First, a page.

Ever wondered what the typical day of a winemaker is like? No, not the romantic life of the beret-wearing winemaker you see in movies who spends his days in a picturesque villa sipping his fermenting wine and murmuring things like: “Eet is thee terroir.” I mean the grunts who do all the heavy lifting of the winemaking process. Not the glass lifting, but the bucket, sulfite and bin lifting work. These aren’t winemakers, they are “wine babysitters.” I are one.

Since one of us at Two Terrier Vineyards still has a day job, I’m the one who’s been living in a barn for six weeks babysitting the four varietals we’re trying to shepherd from harvest to crush through primary and secondary fermentation. With Mourvedre, Grenache and Cinsault now resting in oak barrels and only the Cabernet in primary fermentation, there’s more time to leisurely discuss the process. Or the process as it happens in my world.

First thing, you wake up a little before six AM because that’s when suddenly frantic terriers are pawing you and barking to go out.

#365+48: Everything is Illuminated

 

 

It’s pretty dark out now at six, so I’m keeping the barn lit up, as my husband would say, “like Blackpool Illuminations.” I know it’s not very energy appropriate, but since we’re way out in the wilds, I need the light perimeter to keep the resident Mountain Lion at bay. So at six, we’re walking gingerly around the available pools of light where we (hopefully) can see large felines before they leap on us and sever our vertebra.

When it’s finally light enough that we feel we can defend ourselves against large predatory cats, we begin the 1/2 mile walk from barn to crush pad. But first we have to stop at Lake Charles and bark at the water.

As we stroll through the vineyards, we pass many beautiful flowers in the Insectary. This is a dense planting of natives featuring year-round color and bloom to keep the beneficial birds and insects working to maintain pest-free grapes.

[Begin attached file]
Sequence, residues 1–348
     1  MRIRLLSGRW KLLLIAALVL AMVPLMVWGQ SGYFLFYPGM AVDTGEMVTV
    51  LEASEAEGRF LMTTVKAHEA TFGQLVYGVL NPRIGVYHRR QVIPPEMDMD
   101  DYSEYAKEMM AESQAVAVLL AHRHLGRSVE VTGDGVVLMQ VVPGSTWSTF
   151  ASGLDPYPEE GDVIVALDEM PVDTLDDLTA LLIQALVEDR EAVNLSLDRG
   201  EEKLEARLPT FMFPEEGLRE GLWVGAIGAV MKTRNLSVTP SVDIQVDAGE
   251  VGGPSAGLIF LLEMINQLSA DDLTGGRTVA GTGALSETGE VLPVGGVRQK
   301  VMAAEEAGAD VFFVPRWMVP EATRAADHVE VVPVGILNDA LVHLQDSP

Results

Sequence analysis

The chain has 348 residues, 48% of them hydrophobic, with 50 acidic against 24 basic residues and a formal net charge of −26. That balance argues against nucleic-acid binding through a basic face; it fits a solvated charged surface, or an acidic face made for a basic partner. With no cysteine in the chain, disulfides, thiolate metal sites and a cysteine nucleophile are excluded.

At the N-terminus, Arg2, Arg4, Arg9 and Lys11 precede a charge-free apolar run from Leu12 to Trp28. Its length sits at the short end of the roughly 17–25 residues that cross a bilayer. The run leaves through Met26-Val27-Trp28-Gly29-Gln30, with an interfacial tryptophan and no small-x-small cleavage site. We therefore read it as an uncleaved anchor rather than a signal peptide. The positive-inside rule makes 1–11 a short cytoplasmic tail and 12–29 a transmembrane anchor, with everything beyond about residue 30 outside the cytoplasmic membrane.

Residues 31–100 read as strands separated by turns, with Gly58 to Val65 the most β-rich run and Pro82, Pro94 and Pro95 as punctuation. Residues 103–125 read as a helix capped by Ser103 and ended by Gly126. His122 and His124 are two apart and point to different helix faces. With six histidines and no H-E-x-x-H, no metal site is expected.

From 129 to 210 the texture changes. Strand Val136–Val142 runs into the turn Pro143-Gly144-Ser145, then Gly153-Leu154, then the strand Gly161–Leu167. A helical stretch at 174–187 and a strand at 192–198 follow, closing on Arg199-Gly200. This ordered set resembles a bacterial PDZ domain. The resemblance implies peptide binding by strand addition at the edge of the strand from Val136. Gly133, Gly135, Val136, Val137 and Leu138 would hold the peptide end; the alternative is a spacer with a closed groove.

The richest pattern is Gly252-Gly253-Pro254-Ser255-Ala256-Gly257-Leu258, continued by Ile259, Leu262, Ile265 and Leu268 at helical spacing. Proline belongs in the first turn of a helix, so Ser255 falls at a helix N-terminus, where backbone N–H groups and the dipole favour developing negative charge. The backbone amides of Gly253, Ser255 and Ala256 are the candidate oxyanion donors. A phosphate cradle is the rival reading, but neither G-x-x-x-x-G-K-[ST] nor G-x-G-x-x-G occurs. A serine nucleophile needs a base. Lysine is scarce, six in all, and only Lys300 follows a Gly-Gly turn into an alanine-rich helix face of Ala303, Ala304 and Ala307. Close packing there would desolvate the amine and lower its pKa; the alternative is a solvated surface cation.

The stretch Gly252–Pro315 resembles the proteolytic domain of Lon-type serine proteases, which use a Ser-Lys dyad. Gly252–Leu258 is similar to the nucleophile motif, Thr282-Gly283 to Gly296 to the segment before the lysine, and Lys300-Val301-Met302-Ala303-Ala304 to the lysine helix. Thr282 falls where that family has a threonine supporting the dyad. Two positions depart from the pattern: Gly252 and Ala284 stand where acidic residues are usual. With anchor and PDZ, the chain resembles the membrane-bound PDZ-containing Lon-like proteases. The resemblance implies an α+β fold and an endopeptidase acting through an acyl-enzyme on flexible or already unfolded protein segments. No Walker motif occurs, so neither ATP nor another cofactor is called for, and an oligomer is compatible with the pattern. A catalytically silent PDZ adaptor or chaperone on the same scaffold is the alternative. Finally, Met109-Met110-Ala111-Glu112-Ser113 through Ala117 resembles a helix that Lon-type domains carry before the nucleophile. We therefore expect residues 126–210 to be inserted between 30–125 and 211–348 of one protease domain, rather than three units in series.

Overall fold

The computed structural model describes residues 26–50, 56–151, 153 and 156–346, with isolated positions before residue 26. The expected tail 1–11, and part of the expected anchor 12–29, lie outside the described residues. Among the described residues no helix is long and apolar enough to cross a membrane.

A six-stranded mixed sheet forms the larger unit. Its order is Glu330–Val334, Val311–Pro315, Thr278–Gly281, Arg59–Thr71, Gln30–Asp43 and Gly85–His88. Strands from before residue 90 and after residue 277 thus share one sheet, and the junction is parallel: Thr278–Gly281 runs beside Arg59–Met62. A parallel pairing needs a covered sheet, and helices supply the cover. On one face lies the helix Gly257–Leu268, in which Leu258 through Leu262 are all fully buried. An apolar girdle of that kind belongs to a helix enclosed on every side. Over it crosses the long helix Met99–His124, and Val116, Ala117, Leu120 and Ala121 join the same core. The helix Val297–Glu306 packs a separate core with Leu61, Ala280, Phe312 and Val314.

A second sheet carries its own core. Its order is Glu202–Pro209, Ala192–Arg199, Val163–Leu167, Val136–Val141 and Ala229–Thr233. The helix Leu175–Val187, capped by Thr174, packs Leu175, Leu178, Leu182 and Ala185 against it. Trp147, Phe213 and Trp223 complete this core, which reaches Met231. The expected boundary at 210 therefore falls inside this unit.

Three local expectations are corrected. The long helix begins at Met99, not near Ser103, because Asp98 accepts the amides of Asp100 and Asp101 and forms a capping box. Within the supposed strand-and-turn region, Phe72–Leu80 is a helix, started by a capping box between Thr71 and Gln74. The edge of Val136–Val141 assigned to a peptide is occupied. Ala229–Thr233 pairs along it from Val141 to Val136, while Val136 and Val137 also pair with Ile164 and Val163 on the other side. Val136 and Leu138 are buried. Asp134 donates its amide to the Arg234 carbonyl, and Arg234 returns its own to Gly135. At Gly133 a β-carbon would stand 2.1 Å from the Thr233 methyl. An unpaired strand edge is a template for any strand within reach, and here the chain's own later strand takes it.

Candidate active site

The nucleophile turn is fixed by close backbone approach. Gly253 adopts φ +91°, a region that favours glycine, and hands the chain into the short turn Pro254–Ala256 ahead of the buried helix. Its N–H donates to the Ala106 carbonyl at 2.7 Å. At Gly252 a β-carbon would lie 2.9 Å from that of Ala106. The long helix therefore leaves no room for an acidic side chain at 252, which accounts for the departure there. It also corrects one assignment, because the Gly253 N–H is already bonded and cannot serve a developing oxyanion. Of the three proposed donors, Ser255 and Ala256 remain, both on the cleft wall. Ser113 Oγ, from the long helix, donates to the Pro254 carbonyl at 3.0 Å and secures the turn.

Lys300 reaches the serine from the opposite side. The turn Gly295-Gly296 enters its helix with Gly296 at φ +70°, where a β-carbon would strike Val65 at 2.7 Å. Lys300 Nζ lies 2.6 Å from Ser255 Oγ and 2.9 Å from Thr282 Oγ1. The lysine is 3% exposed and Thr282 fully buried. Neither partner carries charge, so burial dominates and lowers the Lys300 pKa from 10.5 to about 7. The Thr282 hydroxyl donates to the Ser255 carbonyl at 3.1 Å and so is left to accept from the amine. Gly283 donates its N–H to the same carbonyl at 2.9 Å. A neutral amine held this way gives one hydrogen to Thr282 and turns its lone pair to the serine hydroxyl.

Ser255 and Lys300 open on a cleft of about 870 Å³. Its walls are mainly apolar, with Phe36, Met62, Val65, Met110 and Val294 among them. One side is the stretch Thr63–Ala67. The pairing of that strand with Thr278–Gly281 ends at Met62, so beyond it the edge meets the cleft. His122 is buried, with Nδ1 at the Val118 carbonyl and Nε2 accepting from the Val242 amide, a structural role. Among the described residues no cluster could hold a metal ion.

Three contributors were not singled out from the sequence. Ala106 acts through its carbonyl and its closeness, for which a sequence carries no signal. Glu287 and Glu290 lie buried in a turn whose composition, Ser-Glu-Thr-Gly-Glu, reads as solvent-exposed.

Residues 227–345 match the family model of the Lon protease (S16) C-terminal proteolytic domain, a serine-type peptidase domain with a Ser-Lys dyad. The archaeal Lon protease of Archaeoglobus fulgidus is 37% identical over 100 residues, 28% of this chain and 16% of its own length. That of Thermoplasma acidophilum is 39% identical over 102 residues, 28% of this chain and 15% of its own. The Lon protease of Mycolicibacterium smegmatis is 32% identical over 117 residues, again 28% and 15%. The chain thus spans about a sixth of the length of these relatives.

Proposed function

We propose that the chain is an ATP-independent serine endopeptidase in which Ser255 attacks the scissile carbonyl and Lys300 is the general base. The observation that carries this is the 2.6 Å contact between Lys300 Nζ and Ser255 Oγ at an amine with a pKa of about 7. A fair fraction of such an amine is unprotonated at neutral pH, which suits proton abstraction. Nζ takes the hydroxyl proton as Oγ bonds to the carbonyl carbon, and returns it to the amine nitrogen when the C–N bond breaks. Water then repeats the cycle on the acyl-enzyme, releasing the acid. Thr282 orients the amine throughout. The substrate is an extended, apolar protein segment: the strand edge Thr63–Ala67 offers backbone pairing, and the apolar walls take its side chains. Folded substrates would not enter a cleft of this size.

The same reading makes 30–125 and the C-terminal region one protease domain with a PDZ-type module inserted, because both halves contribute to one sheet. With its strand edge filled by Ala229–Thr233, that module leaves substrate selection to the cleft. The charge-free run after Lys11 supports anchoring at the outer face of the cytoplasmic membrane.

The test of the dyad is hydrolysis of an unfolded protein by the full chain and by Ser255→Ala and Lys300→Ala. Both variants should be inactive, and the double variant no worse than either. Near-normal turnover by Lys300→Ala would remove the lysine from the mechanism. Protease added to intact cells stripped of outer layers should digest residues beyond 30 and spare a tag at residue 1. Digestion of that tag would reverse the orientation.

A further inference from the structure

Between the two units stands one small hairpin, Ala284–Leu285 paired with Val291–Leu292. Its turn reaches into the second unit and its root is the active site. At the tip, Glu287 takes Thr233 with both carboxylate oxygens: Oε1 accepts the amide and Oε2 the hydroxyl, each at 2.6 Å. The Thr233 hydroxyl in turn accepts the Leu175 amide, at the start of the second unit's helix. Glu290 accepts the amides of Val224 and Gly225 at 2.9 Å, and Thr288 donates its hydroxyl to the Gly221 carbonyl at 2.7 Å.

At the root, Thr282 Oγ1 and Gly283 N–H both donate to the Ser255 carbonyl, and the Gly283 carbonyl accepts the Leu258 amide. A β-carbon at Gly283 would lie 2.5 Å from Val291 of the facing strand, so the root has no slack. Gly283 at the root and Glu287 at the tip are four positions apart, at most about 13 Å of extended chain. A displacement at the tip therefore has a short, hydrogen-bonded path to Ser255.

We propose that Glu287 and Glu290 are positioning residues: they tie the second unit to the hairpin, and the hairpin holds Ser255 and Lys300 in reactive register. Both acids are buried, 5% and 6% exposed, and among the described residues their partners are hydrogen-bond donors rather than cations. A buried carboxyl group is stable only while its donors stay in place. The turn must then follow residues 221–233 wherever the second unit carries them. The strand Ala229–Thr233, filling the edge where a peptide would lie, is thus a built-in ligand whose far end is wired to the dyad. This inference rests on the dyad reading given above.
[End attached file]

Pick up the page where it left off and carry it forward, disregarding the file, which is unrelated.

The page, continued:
Heres an example of one of the plants in the Insectary.

Here's an example of one of the plants in the Insectary.

 

Its crucial at this point to check under EVERY BUSH for lizards.

It's crucial at this point to check under EVERY BUSH for lizards.

 

Finally we round the corner to the Crush Pad. Lucy leads the way.

Finally we round the corner to the Crush Pad. Lucy leads the way.

 

Heres our pitiful Cabernet harvest in these small grey containers. Behind are the white bins that hold one ton of grapes and where we fermented our other varietals. Our Cab harvest was so small, well be lucky to get a few case out of it.

Here's our pitiful Cabernet harvest in these small grey containers. Behind are the white bins that hold one ton of grapes and where we fermented our other varietals. Our Cab harvest was so small, we'll be lucky to get a few case out of it.

 

Still, the grapes are really foaming and bubbling as I punch them down. Fermentation is GO!

Still, the grapes are really foaming and bubbling as I punch them down. Fermentation is GO!

 

Then we do all the science stuff like checking temperature and specific gravity.

Then we do all the science stuff like checking temperature and specific gravity.

 

Everything is noted down in an extremely scientific manner.

Everything is noted down in an extremely scientific manner.

 

Now we go into the wine cave to check on the other varietals that are aging in oak. Quick, check for lizards!

Now we go into the wine cave to check on the other varietals that are aging in oak. Quick, check for lizards!

 

Then the half mile walk back to the barn through the vineyards. Thats the Insectary on the right.

Then the half mile walk back to the barn through the vineyards. That's the Insectary on the right.

 

We notice that the Toyon and Madrone trees are putting out berries.

We notice that the Toyon and Madrone trees are putting out berries.

 

That brings out the foxes. Lots of them judging by the amount of poo. Some of us taste this just to be sure it is fox poo.

That brings out the foxes. Lots of them judging by the amount of poo. Some of us taste this just to be sure it is fox poo.

So you know that old term “Lather. Rinse. Repeat.” We basically do this whole routine two more times. Then it’s dark and the critters and scary things are coming out. So we barricade ourselves in the barn.

 

Were so tired at this point, we collapse and listen to country music. This is Oscar enjoying the Bakersfield Sound of Buck Owens.

We're so tired at this point, we collapse and listen to country music. This is Oscar enjoying the Bakersfield Sound of Buck Owens.

That’s the drill. No romance. Lots of walking. Some scientific stuff. And lots of fox poo. Sante!

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